Oligosaccharides are found in foods such as rye, wheat (breads, pasta and cereal), garlic, onions and legumes. Disaccharides are found in milks, soft cheese, yoghurt and ice cream. Mono-saccharides are in some fruits (apples, pears, watermelon, many dried fruits), honey and high fructose corn syrup (sweetener). Polyols are found in some fruits (apples, pears, blackberries and stoned fruit), mushrooms, cauliflower and artificial sweeteners.
The ‘Low FODMAPs’ diet has become a common recommendation by GPs and Gastroenterologists for Irritable Bowel Syndrome (IBS) management. And can additionally be an extremely useful short-term protocol for people experiencing IBS symptoms with Inflammatory Bowel Disease and Endometriosis. It is recommended to trial this diet for 3-6 weeks under experienced practitioner guidelines to see if symptoms subside. The food challenge process then systematically introduces food to identify which cause discomfort. It is then important to follow an appropriate method of reintroducing foods back into your normal diet. This is done as a gradual process to find your personal tolerance level, while addressing known or suspected causes for your symptoms - an experienced practitioner will be able to investigate and discuss this with you.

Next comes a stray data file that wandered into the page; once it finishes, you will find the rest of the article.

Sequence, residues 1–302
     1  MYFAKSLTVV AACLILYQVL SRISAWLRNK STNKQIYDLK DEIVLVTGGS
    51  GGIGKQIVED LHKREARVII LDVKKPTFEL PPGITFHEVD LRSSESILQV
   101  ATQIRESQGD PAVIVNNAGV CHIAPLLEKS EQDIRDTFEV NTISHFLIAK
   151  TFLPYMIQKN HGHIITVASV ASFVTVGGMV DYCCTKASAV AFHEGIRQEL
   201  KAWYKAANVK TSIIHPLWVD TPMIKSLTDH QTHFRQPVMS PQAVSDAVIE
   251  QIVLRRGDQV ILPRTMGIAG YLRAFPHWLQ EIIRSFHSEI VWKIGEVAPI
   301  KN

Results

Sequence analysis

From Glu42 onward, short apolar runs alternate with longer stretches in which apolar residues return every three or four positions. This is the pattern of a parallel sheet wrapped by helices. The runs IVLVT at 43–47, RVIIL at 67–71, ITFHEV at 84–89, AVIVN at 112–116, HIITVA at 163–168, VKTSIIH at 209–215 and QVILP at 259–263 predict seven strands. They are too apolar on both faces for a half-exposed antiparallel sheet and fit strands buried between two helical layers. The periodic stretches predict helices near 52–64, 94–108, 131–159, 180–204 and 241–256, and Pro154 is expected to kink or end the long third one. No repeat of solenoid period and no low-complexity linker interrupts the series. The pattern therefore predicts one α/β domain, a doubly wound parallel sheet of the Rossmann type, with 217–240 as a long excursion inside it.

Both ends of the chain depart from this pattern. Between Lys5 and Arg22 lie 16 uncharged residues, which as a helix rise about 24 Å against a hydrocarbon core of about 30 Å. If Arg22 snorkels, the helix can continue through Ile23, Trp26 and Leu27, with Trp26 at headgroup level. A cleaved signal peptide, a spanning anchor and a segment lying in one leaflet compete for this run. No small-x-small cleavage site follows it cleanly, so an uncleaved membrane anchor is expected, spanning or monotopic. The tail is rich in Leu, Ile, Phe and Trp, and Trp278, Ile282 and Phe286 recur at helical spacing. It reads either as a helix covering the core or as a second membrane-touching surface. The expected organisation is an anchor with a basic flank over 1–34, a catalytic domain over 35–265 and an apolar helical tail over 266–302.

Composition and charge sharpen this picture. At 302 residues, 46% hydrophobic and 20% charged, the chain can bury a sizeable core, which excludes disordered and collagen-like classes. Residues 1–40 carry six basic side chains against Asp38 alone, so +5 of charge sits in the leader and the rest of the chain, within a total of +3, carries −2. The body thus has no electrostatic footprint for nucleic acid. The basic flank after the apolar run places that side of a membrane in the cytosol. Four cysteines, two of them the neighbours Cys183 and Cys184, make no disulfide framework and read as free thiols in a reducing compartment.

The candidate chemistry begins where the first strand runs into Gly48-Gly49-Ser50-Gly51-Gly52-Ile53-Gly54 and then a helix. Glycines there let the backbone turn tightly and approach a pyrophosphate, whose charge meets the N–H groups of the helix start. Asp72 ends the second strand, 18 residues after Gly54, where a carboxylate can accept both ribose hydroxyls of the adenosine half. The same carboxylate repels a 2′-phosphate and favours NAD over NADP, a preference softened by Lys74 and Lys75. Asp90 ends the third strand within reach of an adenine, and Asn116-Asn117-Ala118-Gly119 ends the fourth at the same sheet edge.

Note: The low FODMAP diet is not recommended long-term – it is simply an assessment tool. It is best for your long-term gut health and IBS management to consider and address the root cause. Avoiding nutritious foods unnecessary is not recommended.
Read here for information on common causes of Irritable Bowel Syndrome